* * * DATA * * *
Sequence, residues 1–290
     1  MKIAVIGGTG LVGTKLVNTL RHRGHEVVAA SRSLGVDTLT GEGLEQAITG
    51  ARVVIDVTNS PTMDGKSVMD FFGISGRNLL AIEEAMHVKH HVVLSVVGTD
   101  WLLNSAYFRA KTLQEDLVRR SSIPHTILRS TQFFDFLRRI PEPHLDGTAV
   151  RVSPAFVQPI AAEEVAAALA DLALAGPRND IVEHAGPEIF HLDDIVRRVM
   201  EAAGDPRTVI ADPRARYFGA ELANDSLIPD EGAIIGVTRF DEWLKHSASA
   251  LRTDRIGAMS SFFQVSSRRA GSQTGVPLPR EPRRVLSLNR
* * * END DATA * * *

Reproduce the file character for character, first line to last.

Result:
Sequence, residues 1–290
     1  MKIAVIGGTG LVGTKLVNTL RHRGHEVVAA SRSLGVDTLT GEGLEQAITG
    51  ARVVIDVTNS PTMDGKSVMD FFGISGRNLL AIEEAMHVKH HVVLSVVGTD
   101  WLLNSAYFRA KTLQEDLVRR SSIPHTILRS TQFFDFLRRI PEPHLDGTAV
   151  RVSPAFVQPI AAEEVAAALA DLALAGPRND IVEHAGPEIF HLDDIVRRVM
   201  EAAGDPRTVI ADPRARYFGA ELANDSLIPD EGAIIGVTRF DEWLKHSASA
   251  LRTDRIGAMS SFFQVSSRRA GSQTGVPLPR EPRRVLSLNR